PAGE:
Segment 14 – Meir Sh’feya to Kerem Maharal (Hof HaCarmel)
Where is the best place to hike once hot weather has descended on the land? Yuval suggested the shore. Ruti wanted shade. I knew we needed a shorter-than-usual distance. After considering everyone’s preferences, I selected the southern half of the “Finger Cave to Har Horshan” segment from south-to-north. The reversal of direction did not save us any climbs, as the path had both ups and downs. But it allowed us to hike in the open areas earlier in the morning when the air was still on the cool side, and to enjoy the shade of the forest as the day heated up later on. The beach was just a few minutes drive from our end point, giving us the option of a swim at the end of the hike.
I was delighted to see 16 regular hikers and one guest appear at 7 a.m. We congregated at the edge of the field where the Israel Trail connects to the entrance road to the Meir Sh’feya Youth Village, which sits upon a hilltop.
The trail loops around the hill on the west, which meant the trees on our right gave us shade from the low, early morning sun.
We walked-and-talked along a dirt trail for the first 3 kilometers. The trail then turned on to an asphalt road. At that point I was chatting with Alon about cycling sections of the Israel Trail on bike. Indeed, we joked, this asphalt road is a perfect example of the possibility. Engrossed in our conversation, as were fellow hikers ahead of us, we missed a trail blaze. This paved road was heading towards a quarry! Fortunately, Yuval in the rear called us back before we’d gone too far.
Ahah! – so cycling this segment might not be so easy. The trail now became a narrow path, steep in places, heading up to Hirbet Talimon.
The Talimon ruins provide a perfect place to stop for our sandwich-breakfast break. Great vistas and shade. We felt no need to rush. Avner and Saraleh treated us all to finjan coffee.
As we descended the hilltop after our rest stop, we chanced upon two bulls in the bushes on the side of the trail.
Don’t know what I/we did to provoke such a reaction. Fortunately I got out of the way while the bulls charged across the trail.
For the next 2 kilometers the trail was an easily-hiked (and easily biked) 4×4 trail. Then the trail diverged from the black-blaze trail and went up Nahal Shimri. Now the real hiking fun started. There were boulders to climb over, and tree branches to duck under.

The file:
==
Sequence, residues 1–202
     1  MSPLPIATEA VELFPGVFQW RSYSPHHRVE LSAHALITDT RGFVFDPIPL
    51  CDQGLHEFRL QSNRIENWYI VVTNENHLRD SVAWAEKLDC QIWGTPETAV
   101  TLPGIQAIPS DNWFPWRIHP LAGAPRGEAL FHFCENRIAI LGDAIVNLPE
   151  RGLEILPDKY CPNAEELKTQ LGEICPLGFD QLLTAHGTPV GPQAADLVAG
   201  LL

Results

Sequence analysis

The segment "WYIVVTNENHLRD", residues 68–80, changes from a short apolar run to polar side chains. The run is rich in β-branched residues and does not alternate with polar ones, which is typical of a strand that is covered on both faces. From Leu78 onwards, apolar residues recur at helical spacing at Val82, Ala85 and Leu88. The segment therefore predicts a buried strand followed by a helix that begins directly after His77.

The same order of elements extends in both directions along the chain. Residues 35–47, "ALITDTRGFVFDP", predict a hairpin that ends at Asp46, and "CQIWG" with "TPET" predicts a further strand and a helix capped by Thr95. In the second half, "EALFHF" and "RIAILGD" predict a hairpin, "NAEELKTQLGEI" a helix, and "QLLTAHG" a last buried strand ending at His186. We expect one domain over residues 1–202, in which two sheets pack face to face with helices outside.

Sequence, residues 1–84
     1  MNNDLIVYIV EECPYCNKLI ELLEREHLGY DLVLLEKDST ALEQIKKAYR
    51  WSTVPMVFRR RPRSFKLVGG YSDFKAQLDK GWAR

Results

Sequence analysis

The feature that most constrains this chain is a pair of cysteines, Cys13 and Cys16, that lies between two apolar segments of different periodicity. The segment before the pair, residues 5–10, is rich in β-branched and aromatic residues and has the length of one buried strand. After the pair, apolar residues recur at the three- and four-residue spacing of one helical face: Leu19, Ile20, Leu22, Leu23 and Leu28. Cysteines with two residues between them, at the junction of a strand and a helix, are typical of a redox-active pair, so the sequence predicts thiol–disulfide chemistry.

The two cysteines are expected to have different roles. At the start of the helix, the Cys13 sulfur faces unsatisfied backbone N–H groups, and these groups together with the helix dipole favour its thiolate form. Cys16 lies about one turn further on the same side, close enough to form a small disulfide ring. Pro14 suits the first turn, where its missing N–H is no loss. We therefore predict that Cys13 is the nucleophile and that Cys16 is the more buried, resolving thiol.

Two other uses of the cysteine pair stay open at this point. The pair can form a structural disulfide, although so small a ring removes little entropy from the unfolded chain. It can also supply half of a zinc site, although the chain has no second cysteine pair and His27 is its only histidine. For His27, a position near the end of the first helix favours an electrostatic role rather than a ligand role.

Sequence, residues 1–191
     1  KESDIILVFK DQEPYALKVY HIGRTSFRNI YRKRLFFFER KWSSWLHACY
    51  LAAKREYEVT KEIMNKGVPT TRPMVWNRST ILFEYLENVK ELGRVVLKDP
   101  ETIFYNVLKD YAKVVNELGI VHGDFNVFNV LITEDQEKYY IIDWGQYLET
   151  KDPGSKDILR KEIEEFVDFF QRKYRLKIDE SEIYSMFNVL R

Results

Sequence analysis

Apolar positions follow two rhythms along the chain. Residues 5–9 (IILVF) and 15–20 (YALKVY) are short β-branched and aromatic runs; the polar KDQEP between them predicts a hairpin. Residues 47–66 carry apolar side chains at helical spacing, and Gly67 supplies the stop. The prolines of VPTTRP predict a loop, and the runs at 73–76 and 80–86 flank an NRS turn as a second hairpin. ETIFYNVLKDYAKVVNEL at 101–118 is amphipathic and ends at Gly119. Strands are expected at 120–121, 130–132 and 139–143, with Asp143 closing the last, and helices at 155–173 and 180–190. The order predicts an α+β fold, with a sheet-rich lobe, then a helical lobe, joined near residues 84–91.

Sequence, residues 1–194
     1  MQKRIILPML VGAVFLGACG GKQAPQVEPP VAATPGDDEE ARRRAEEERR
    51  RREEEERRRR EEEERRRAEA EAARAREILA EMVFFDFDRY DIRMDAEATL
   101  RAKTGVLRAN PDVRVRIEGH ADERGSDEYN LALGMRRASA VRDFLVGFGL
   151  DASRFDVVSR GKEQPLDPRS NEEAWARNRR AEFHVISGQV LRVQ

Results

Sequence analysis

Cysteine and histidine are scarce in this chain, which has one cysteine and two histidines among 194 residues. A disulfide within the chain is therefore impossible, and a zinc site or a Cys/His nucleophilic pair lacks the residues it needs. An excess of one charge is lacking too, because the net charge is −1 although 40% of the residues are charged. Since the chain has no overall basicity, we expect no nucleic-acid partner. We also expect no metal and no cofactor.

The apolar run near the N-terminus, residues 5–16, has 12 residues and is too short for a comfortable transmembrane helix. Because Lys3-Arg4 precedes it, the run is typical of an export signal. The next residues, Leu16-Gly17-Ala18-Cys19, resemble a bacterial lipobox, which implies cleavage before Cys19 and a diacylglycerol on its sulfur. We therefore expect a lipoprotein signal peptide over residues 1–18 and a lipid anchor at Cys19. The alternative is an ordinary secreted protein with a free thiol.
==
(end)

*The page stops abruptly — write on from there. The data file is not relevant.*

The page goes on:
Somewhere about here is a “bell cave”. It was not printed on any of the maps we had with us, although I had made a notation on the map I gave Yuval. Reviewing my photos, I see we passed a sign post pointing to the cave. But neither Yuval nor I saw the sign. Nor did we detect a path leading to the cave. Unfortunately brother (/-in-law) Ron was not on the hike. I’m sure he would have had an up-to-date 1:50,000 map with him and led us directly to the cave.
I had been hoping for a rest stop in the coolness of the cave. But unable to find the cave, we sat instead in the shade of the trees in an olive grove. That’s when Miri decided it was time for our dance break. (In Hebrew would that be “break-dance”?)
Avner pulled out his harmonica and began to play. Gradually more and more of our hikers joined in the dance circle, causing me to exclaim, “Wow! We’ve got a flash mob!”
Party time over, it was back to the trail. The cactus lining the trail were in blossom. A beautiful sight.
We crossed over the road leading to Moshav Ofer, and soon entered the enchanted woods of Ofer Forest (Hof HaCarmel Forest).
More fun getting over and around the boulders in our path.
Serendipity on the Israel Trail: a tranquil, rest stop in the Shir Valley, established in memory of a soldier named Noam Bahagon who was killed in Gaza in 2003.
I was so enthralled with this unexpected beauty spot, that I got everyone to sit down in the circle. Some people were expecting me to make some concluding remarks to mark the end of our hiking season, but I had nothing special to say. Meanwhile, we’re still trying to come up with a name and/or a slogan for our group. Avner keeps asking for a t-shirt. I’ll try to accomodate that request by the start of our next hiking season.
While we don’t yet have a unifying t-shirt, many of us wore khaki pants and a light/white shirt. Almost like we were regressing to the days of our youth in scout uniforms.
Even I was dressed that way!
I think it’s a sign that our hiking group has really bonded.
I’m taking a break from organizing for the summer. I’ll be happy to join in any hike or outdoor activity that anyone else organizes. I’m awaiting invitations.
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